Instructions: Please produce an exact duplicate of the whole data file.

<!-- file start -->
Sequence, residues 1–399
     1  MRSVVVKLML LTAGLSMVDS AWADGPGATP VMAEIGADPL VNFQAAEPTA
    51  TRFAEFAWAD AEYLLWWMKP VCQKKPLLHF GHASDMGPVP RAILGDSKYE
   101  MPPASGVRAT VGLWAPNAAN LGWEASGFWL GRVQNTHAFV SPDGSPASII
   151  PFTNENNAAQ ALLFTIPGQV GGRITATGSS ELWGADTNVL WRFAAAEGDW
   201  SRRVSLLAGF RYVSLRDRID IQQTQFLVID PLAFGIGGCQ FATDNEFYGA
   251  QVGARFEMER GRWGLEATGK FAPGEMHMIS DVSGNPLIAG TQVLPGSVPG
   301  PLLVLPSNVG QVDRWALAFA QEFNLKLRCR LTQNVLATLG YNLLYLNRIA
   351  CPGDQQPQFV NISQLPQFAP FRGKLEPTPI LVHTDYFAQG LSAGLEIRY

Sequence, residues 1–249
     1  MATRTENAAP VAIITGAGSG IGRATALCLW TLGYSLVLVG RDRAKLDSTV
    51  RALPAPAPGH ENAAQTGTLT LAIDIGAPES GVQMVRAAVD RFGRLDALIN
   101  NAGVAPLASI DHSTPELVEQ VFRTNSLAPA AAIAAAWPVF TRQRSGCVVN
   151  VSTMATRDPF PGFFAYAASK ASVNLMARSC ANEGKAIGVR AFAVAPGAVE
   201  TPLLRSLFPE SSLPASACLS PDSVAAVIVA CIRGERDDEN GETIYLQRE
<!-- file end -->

Sequence, residues 1–399
     1  MRSVVVKLML LTAGLSMVDS AWADGPGATP VMAEIGADPL VNFQAAEPTA
    51  TRFAEFAWAD AEYLLWWMKP VCQKKPLLHF GHASDMGPVP RAILGDSKYE
   101  MPPASGVRAT VGLWAPNAAN LGWEASGFWL GRVQNTHAFV SPDGSPASII
   151  PFTNENNAAQ ALLFTIPGQV GGRITATGSS ELWGADTNVL WRFAAAEGDW
   201  SRRVSLLAGF RYVSLRDRID IQQTQFLVID PLAFGIGGCQ FATDNEFYGA
   251  QVGARFEMER GRWGLEATGK FAPGEMHMIS DVSGNPLIAG TQVLPGSVPG
   301  PLLVLPSNVG QVDRWALAFA QEFNLKLRCR LTQNVLATLG YNLLYLNRIA
   351  CPGDQQPQFV NISQLPQFAP FRGKLEPTPI LVHTDYFAQG LSAGLEIRY

Sequence, residues 1–249
     1  MATRTENAAP VAIITGAGSG IGRATALCLW TLGYSLVLVG RDRAKLDSTV
    51  RALPAPAPGH ENAAQTGTLT LAIDIGAPES GVQMVRAAVD RFGRLDALIN
   101  NAGVAPLASI DHSTPELVEQ VFRTNSLAPA AAIAAAWPVF TRQRSGCVVN
   151  VSTMATRDPF PGFFAYAASK ASVNLMARSC ANEGKAIGVR AFAVAPGAVE
   201  TPLLRSLFPE SSLPASACLS PDSVAAVIVA CIRGERDDEN GETIYLQRE